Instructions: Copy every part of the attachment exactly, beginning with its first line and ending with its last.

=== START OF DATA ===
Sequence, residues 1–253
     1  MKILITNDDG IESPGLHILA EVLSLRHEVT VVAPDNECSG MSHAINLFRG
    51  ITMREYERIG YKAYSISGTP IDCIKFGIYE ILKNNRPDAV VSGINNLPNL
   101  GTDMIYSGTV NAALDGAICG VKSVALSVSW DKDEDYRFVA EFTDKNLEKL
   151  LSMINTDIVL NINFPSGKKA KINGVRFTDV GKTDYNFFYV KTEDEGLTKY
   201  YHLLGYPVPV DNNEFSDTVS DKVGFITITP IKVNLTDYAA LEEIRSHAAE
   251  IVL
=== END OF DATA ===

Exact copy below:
Sequence, residues 1–253
     1  MKILITNDDG IESPGLHILA EVLSLRHEVT VVAPDNECSG MSHAINLFRG
    51  ITMREYERIG YKAYSISGTP IDCIKFGIYE ILKNNRPDAV VSGINNLPNL
   101  GTDMIYSGTV NAALDGAICG VKSVALSVSW DKDEDYRFVA EFTDKNLEKL
   151  LSMINTDIVL NINFPSGKKA KINGVRFTDV GKTDYNFFYV KTEDEGLTKY
   201  YHLLGYPVPV DNNEFSDTVS DKVGFITITP IKVNLTDYAA LEEIRSHAAE
   251  IVL